Shortly after entering, there is an off shoot trail to the left called Catarata Estacional Trail that leads to a small waterfall. This trail is quite long, and we found it to be very peaceful with almost no guests walking through. We didn’t see much wildlife on this trail outside of a few capuchin monkeys and insects, but having a guide in this section may have helped us find more wildlife.

When you reach the beach areas, there is a loop trail called the Punta Catedral Trail that follows the coast around the mini peninsula. This is the most demanding trail in the park that I hiked as there are lots of ups and downs. The climbs combined with the humidity makes for a sweaty experience. Even better reason to take a dip into the ocean at one of the world class beaches!

After you’ve had your satisfaction in the park, you can follow the Playa Espadilla Sur trail back towards the entrance of the park and follow the signs to exit the park in the direction where you entered from. The whole park itself is not very big, and it’s hard to get lost, so it is not a daunting task at all to take on without a guide if you choose to do so.


Most of the wildlife we saw was right on the main Sloth Trail. While walking down the trail, there were tons of crowds of people pointing in the trees and looking up at wildlife. We basically walked up to the crowds of people with guides and looked where they had their telescopes pointed and found all the same animals. If I couldn’t find it myself, I'd just ask someone in the group what they were looking at and they were very happy to help point it out.

Some wildlife highlights on the Sloth Trail included 2 sloths, a toucan, a motmot, two coatis, vultures, a hawk, howler monkeys and spider monkeys. Two species we would’ve never seen if it wasn’t for a guide spotting it in front of us were two long nosed bats hanging under a giant fern leaf, and the common pauraque - which is a ground bird that blends in with the leaves on the ground.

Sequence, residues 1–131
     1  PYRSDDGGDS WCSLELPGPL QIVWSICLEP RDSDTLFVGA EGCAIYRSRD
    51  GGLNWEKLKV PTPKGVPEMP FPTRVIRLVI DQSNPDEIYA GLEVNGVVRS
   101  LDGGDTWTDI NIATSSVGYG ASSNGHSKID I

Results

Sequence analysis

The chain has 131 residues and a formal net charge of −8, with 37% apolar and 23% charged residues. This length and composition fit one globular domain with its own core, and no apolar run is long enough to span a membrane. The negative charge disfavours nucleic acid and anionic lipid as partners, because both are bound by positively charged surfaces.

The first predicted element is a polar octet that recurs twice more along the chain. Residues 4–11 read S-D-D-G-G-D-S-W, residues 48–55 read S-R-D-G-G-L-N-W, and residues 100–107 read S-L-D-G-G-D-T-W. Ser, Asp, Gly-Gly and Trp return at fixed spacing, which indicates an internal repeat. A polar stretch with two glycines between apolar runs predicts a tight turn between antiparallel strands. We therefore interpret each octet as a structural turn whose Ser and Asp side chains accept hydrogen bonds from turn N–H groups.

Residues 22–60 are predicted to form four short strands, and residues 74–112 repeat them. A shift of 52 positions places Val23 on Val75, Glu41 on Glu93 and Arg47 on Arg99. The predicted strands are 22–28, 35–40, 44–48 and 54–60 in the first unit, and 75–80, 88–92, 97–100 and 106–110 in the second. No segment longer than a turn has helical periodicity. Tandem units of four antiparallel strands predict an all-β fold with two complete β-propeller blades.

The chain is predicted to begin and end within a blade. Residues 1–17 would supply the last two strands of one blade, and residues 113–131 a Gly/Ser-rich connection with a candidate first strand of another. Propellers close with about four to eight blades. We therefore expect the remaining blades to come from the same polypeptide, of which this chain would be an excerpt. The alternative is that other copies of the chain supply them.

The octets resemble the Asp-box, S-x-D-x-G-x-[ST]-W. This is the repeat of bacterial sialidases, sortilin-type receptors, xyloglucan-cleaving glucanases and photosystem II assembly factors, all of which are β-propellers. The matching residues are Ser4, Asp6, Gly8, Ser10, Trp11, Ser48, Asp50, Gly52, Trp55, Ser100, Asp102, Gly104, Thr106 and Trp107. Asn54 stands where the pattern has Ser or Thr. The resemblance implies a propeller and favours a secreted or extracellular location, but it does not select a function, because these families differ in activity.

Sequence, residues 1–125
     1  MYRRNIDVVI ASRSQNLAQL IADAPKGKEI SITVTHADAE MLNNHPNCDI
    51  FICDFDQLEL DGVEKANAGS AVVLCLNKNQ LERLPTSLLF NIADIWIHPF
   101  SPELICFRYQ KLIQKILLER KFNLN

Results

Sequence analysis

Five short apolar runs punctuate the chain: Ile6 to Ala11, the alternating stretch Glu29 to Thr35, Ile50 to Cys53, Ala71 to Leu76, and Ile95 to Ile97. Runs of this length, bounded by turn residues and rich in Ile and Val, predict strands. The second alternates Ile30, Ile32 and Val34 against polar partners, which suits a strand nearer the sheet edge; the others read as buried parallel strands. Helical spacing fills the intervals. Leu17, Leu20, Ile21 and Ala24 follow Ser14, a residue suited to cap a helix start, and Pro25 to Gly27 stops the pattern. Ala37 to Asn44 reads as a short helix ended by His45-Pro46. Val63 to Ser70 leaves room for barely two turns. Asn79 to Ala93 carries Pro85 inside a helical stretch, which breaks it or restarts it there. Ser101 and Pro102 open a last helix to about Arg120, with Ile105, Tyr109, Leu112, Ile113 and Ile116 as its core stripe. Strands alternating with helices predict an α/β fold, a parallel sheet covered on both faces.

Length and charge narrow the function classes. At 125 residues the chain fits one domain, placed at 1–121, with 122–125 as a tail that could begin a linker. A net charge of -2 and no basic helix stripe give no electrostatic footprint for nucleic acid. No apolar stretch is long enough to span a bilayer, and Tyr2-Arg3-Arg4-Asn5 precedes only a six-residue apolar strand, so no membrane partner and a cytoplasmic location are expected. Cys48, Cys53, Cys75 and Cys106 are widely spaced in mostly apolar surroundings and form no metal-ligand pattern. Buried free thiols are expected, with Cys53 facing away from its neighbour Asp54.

On the Waterfall Trail, we saw a few capuchin monkeys, a tree frog, and several spiders and giant ants. On the beaches we saw several iguanas.

The real significant wildlife moment at this park, and maybe even for my entire Costa Rica trip, took place on Manuel Antonio Beach. While I was taking a dip in the bath-water like temperatures of the cove, I spotted a group of capuchin monkeys running across the beach. Several tourists flocked behind them with their phones outstretched, so naturally I decided this could be a great photo opportunity of some wildlife. I swam back out, dried off, and my friend and I walked over to the action.

When we arrived, there were about 7-8 capuchin monkeys playing around in the branches right on the beach. There were a good 10-12 people watching and taking photos. The monkeys were not scared of the people, and seemed to be jumping around and playing with each other as if we weren’t even there. I was able to get some incredible photos of the monkeys as we were at a very close distance.

At one point, I may have been a tad too close as I took a photo of one of them. It looked my camera dead in the eyes and when my camera made the clicking noise, the monkey charged me and shook the branches, which led to me quickly sprinting backwards in fear. Lesson learned. Give the animals some space. It was an incredible experience to watch the capuchin monkeys play and run through the trees together at such a close distance, definitely a highlight of my Costa Rica trip that I won’t forget.


There are two beaches in Manuel Antonio National Park: Playa Manuel Antonio and Playa Espadilla Sur. Playa Manuel Antonio (or Manuel Antonio Beach) is easily one of the most beautiful beaches I’ve been to in my life. It was a majestic experience to take a dip in the near-bath water temp and float around, looking back at the jungle surrounding me. In addition to the group of Capuchin monkeys playing on the beach, I saw a ton of hermit crabs and an iguana on the beach here. The surrounding area is beautiful and worth walking through the park alone.

On Espadilla Sur Beach, there were far less crowds. This beach is also very unique and beautiful. On this beach we saw a few iguanas. There was also an area further down the beach with umbrellas and chairs if you wanted a bougie afternoon in the park.

Manuel Antonio National Park is one of the Top Places to Visit in Costa Rica and can all be done in a half day. We visited for about 4 hours but didn’t spend too much time at the beach - which would have been nice to experience longer if you have the time. If you want to see lots of wildlife without too much effort, and spend the day at some of the best beaches in the world, include Manuel Antonio in your next trip to Costa Rica.